Of course with open enums, we can avoid that, but an open enum achieves none of the goals of a strongly typed error. It is basically an untyped error again because you still need a “default.”


Last of all, for strongly typed errors to be of much use, Foundation would need to throw them since it is the largest producer of errors in the system.


Update (2024-02-23): Donny Wals:

At the time of writing this post SE-0413 has been accepted but not yet implemented.


Personally, I think typed throws are a nice feature but that we won’t see them used that much.

The fact that we can only throw a single type combined with having to try calls in a do block erasing our error back to any Error means that we’ll still be doing a bunch of switching and inspecting to see which error was thrown exactly, and how we should handle that thrown error.

Apple Cash Escheat Heads-up

Dana E. Stevens:

I had a small balance in Apple Cash and had not made any transactions in a bit over 3 years. I received a text message notice of a “Balance Adjustment” resulting in a $0 balance in Apple Cash. Called Apple Support. They said the balance had been escheated to the state I live in. Approximately 6 weeks later the balance showed up on the state website for unclaimed property. […] I see I’m not the only one to have this experience.

I didn’t realize that financial-but-non-bank accounts like Apple Cash could be counted as abandoned/unclaimed simply because you haven’t used them in a while. You’d think Apple could send a notification before removing the funds.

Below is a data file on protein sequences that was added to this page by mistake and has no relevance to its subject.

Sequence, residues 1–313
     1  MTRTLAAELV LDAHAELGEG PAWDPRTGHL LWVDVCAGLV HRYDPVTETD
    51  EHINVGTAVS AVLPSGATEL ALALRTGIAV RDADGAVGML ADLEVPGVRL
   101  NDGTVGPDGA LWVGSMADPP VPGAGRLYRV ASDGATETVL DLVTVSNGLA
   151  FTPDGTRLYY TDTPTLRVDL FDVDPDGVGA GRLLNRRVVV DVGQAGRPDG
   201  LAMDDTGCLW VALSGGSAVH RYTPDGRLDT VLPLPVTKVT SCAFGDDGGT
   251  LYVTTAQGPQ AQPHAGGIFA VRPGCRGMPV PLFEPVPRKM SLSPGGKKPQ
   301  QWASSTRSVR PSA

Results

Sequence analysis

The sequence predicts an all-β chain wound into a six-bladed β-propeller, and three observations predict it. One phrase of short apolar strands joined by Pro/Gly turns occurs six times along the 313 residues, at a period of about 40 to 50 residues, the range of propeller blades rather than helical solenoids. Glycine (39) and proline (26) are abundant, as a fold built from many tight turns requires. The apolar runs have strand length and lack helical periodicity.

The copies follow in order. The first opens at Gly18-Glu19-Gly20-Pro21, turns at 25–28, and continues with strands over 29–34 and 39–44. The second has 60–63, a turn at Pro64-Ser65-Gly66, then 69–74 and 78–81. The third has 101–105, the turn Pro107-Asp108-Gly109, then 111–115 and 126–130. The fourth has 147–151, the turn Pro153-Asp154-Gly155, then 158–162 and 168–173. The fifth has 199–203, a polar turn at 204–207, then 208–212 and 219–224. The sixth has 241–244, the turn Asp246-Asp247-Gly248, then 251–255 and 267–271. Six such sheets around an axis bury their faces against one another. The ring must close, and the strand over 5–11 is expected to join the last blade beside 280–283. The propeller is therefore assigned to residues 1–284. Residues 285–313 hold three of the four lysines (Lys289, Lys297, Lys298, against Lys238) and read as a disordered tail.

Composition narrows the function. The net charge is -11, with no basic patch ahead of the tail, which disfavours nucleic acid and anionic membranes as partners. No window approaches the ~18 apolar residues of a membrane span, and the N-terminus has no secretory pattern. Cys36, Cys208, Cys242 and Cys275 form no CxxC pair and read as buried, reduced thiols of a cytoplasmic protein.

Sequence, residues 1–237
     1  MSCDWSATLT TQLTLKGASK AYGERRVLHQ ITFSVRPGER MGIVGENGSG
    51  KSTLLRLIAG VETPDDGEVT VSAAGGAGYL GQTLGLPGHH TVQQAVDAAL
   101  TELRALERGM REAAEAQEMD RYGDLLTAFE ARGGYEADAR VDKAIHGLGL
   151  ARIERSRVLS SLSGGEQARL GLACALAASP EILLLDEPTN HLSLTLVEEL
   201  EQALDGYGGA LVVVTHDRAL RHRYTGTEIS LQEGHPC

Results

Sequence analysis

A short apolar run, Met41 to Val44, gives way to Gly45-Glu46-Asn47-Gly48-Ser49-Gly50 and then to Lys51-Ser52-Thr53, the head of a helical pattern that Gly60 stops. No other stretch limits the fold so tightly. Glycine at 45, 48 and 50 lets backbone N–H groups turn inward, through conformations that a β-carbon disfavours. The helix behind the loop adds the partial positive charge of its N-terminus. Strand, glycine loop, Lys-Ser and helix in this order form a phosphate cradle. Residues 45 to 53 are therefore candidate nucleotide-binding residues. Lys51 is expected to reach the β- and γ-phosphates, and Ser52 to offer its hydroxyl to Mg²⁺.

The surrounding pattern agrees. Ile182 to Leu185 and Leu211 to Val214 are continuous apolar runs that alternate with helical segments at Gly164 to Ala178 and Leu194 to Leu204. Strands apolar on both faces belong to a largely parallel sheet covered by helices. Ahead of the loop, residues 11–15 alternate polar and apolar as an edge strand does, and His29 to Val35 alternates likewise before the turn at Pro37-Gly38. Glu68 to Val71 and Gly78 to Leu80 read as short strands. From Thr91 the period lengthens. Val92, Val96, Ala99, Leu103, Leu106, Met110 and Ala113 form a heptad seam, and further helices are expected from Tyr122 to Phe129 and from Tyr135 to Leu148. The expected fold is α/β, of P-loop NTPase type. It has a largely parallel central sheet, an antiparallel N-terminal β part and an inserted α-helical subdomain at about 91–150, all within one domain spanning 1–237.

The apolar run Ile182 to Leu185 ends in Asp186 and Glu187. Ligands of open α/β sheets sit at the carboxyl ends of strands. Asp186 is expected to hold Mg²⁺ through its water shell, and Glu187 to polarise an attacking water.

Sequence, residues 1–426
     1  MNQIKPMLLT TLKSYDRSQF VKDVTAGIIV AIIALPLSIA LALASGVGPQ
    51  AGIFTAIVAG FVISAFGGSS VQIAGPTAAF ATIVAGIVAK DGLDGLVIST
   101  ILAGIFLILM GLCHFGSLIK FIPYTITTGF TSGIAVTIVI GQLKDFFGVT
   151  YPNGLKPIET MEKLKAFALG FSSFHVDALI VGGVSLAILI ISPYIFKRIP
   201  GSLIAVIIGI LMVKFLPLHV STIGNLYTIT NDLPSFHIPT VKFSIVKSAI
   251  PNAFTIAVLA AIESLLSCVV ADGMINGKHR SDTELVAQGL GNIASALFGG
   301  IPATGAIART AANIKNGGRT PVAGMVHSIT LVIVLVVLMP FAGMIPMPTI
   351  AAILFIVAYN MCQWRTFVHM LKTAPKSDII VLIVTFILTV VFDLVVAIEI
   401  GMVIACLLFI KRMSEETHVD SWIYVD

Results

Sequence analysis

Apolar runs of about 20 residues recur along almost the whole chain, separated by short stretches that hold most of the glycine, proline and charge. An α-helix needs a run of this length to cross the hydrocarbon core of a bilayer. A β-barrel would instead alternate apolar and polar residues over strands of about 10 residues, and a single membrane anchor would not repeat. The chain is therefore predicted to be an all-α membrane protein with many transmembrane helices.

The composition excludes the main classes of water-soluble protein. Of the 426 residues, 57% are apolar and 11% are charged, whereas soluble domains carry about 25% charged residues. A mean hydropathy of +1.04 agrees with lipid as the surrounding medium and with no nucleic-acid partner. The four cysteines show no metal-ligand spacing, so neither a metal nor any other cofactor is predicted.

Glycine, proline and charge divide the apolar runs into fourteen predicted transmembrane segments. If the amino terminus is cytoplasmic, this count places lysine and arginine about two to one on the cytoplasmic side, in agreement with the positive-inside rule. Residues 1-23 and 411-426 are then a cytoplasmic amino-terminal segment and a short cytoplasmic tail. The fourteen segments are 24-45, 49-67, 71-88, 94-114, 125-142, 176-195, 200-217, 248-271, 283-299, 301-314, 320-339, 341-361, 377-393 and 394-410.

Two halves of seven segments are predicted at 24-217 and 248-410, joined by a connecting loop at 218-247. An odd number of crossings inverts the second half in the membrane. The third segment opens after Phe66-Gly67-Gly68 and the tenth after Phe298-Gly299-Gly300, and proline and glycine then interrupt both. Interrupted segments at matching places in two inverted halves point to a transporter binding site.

See also: More than you want to know about gift cards.


Google Drive Loses Months of Customer Data

Yeonjoong (via Hacker News):

My Google Drive files suddenly disappeared. The Drive literally went back to condition in May 2023. data from May until today disappeared, and the folder structure went back to status in May.

Google Drive activity doesn’t show any changes (only show activity that was in May) No files was deleted manually, so no files in Trash.


I followed recovery process that Google support team ask me to (South Korea team). They put a recovery program and failed.

Richard Speed (via Hacker News):

Google Drive users are reporting files mysteriously disappearing from the service, with some netizens on the goliath's support forums claiming six or more months of work have unceremoniously vanished.

There is little information regarding what has happened; some users reported that synchronization had simply stopped working, so the cloud storage was out of date. Others could get some of their information back by fiddling with cached files, although the limited advice on offer for the affected was to leave things well alone until engineers come up with a solution.

A message purporting to be from Google support also advised not to make changes to the root/data folder while engineers investigate the issue. Some users speculated that it might be related to accounts being spontaneously dropped.

Google is not officially communicating about this.


Update (2023-12-06): Bill Toulas:

A notable aspect of the situation is that Google’s support forums are backed by volunteers with limited insight or understanding of the cloud service, so the lack of effective assistance in critical problems like this makes it all the worse.